International Journal of Business and Social Science

ISSN 2219-1933 (Print), 2219-6021 (Online) DOI: 10.30845/ijbss


University Spin-off Formations: How decision making process has been made?
Kamariah Ismail, Colin Mason, Sarah Cooper, Wan Zaidi Wan Omar, Izaidin Abdul Majid

Commercialisation of intellectual property (IP), particularly patent becomes an important agenda in most universities. Patents that were licensed to established companies in return for royalties recognised as a traditional mode to commercialise university IPs. As government funding are getting harder to obtain, and demand from the stake holders to see universities play more important role in local economic development, universities are prompts to look at spin-off formations as an alternative route for technology commercialisation. This paper is trying to look into the process of decision making in commercialisation of university patents through spin-off formation.

A single case of one university in Scotland is adopted in this study. Six patents from university portfolio’s patents were selected, which were licensed to spin-off companies. Companies that licensed know-how or IPs other than patents were excluded. The inventors of these 6 patents were interviewed in depth using semi-structured questionnaires, which were recorded and later transcribed. The data were then analysed using a case basis and cross-case analysis aided with Nvivo software.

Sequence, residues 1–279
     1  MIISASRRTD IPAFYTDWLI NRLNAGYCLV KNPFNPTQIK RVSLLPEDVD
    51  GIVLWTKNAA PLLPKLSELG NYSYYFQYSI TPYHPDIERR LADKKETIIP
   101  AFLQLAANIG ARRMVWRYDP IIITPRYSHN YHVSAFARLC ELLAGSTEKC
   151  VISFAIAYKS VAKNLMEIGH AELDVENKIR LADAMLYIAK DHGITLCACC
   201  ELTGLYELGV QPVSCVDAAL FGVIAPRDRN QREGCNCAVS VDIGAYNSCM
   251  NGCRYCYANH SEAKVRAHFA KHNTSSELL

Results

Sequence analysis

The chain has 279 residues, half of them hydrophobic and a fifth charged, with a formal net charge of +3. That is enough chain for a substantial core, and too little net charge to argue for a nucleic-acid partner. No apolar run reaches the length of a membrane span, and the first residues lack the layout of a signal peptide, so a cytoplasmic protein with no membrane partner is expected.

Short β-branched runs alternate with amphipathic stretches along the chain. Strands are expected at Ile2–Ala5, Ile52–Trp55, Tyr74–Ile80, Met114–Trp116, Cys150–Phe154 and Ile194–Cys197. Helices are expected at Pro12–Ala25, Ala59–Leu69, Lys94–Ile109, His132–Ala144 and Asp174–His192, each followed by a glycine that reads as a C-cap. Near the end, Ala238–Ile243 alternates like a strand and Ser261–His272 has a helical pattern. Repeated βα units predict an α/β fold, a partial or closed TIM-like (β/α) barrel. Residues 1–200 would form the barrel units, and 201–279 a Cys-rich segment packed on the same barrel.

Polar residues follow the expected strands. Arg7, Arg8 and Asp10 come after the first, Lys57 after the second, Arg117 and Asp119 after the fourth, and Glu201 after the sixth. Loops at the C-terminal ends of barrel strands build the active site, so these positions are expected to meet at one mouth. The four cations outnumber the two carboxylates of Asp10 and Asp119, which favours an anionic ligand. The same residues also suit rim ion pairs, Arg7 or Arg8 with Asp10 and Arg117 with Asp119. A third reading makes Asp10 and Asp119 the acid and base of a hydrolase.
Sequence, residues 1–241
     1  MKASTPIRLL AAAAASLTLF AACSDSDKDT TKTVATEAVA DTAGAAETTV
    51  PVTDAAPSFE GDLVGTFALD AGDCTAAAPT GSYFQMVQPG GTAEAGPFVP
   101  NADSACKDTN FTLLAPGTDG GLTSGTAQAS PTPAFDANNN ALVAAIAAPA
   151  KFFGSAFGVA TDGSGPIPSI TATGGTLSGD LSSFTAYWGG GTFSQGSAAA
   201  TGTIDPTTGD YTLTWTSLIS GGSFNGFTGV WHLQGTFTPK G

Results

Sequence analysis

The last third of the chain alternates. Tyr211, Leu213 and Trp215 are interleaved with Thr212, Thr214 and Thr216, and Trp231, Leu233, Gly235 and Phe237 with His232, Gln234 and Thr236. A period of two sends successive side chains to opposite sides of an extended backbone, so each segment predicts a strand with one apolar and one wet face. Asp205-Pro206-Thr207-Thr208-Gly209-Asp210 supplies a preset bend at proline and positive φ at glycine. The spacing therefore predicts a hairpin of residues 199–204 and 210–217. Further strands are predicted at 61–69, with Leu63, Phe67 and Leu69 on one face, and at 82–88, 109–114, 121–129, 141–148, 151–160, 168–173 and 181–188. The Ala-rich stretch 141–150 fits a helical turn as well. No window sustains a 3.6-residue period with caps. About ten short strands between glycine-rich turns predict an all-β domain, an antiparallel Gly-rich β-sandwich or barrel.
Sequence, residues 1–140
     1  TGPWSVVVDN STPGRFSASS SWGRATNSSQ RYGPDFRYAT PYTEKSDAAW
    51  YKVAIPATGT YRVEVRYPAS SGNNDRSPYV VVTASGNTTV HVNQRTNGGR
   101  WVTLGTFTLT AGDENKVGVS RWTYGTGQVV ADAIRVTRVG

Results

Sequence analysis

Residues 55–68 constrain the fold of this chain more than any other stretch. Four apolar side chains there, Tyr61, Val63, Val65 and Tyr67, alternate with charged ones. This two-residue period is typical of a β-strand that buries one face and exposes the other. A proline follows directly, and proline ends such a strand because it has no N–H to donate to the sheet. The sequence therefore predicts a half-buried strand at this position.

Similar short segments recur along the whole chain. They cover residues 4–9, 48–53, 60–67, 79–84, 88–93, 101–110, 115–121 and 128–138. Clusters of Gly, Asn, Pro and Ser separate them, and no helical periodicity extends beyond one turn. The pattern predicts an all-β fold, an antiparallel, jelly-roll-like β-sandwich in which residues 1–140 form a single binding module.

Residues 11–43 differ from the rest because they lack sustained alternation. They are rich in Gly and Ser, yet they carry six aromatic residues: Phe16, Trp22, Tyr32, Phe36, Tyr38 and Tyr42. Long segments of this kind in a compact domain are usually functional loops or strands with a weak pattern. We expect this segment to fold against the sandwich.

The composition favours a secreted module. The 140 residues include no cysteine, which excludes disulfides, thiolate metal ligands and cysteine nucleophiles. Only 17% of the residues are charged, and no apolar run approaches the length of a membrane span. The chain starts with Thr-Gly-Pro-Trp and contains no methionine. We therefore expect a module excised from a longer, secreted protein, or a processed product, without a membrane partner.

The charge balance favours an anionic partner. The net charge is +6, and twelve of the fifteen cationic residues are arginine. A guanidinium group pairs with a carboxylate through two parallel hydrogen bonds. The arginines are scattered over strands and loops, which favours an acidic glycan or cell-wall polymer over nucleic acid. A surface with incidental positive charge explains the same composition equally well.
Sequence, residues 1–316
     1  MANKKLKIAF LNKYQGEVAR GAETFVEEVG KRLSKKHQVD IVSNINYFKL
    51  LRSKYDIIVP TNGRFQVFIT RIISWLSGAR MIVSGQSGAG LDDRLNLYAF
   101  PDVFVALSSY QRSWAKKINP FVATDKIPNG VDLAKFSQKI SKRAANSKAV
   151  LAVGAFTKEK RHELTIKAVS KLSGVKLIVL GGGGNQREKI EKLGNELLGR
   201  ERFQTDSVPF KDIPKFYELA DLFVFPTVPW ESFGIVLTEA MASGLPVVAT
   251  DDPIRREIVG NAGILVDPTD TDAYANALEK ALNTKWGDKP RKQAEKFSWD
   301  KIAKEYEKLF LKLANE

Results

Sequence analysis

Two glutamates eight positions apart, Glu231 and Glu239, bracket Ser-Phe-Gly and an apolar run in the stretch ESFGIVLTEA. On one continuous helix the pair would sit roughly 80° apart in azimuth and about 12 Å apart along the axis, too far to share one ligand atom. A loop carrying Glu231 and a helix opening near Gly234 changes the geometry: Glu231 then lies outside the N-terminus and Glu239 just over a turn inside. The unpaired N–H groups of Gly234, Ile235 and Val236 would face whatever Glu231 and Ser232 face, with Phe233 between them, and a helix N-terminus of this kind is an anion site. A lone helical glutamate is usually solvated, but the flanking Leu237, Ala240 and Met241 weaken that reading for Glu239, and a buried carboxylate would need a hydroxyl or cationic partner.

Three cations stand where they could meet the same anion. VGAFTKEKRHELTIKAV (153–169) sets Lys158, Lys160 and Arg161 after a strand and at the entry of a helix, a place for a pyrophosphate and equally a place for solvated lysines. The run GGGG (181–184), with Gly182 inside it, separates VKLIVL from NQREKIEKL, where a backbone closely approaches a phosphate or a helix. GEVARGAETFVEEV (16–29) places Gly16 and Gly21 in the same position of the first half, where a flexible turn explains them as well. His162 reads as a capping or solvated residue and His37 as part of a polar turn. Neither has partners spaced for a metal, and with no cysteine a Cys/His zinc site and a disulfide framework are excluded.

The study found that the decision making to seek patents protection was made by the inventors, and the Technology Transfer Office (TTO). On the other hand, the decision to commercialise the patents through the spinoffs creation were initiated by the inventors alone, not by the TTO. The study also revealed that the stage or performance of the technologies and the entrepreneurial characteristics of the inventors lead their patents were commercialised through spin-offs. Inventors industrial working experiences prior to their research positions in the University, were able to recognise the potential values of their technologies. This factor was found to be the most significant that drove them to form spin-offs. Their experiences meant they had better knowledge about potential market, market size as well as the standing of their technologies in the market place. Other important factors were the role and supports of Technology Transfer Office as well as the availability of funding. The result of this study could help policy makers in universities to consider: what are the characteristics of the inventions and the inventors, the availability of funding as well as the roles of technology transfer offices in their decision-making to spin-offs.

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